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J Psychosom Res. 2004 Apr;56(4):391-408.

A systematic review of the epidemiology of somatisation disorder and hypochondriasis.

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University of Manchester, Manchester, UK.



This paper reviews current knowledge regarding the prevalence and associated features of somatisation disorder and hypochondriasis in population-based and primary care samples.


A systematic review of the literature, which used a standardised definition of somatisation disorder or hypochondriasis and which examined the characteristics and associated features of these disorders in population-based samples or primary care settings.


In population-based studies the prevalence of somatisation disorder and hypochondriasis was too low to examine associated features reliably. In studies using abridged criteria, a clear female predominance was not found in either disorder; there was a consistent relationship with few years of education. There was a close relationship with anxiety and depressive disorders, with a linear relationship between numbers of somatic and other symptoms of distress in several studies, including longitudinal studies. No studies showed that these symptom clusters fulfil the criteria of characteristic onset, course and prognosis required to merit the status of discrete psychiatric disorders.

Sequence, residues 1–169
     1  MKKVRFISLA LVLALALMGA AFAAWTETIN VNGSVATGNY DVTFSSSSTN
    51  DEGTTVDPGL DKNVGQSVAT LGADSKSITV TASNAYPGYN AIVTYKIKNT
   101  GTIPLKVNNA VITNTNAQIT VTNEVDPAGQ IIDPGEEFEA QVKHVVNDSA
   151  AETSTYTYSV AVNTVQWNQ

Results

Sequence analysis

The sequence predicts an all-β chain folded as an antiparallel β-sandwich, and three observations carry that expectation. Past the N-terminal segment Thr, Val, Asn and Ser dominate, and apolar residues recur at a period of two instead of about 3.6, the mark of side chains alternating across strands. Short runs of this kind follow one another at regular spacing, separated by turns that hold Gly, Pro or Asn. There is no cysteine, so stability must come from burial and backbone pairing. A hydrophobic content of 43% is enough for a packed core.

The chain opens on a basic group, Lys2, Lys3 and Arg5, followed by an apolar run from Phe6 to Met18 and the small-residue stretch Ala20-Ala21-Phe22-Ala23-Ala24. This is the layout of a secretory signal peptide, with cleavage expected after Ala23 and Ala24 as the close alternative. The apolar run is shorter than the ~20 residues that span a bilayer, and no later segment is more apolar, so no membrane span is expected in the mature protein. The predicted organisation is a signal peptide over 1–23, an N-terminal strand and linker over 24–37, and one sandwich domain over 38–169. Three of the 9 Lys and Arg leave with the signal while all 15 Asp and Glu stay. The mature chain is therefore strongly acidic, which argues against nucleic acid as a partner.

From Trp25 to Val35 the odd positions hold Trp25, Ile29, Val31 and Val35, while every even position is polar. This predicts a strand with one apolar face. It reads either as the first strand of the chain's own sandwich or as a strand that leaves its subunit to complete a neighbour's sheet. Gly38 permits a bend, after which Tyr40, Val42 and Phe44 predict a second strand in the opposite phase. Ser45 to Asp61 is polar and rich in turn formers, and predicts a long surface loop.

On existing evidence, somatisation disorder and hypochondriasis cannot be regarded as definite psychiatric disorders. There is some evidence that numerous somatic symptoms or illness worry may be associated with impairment and high health care utilisation in a way that cannot be solely explained by concurrent anxiety and depression, but further research using population-based samples is required.

[Indexed for MEDLINE]

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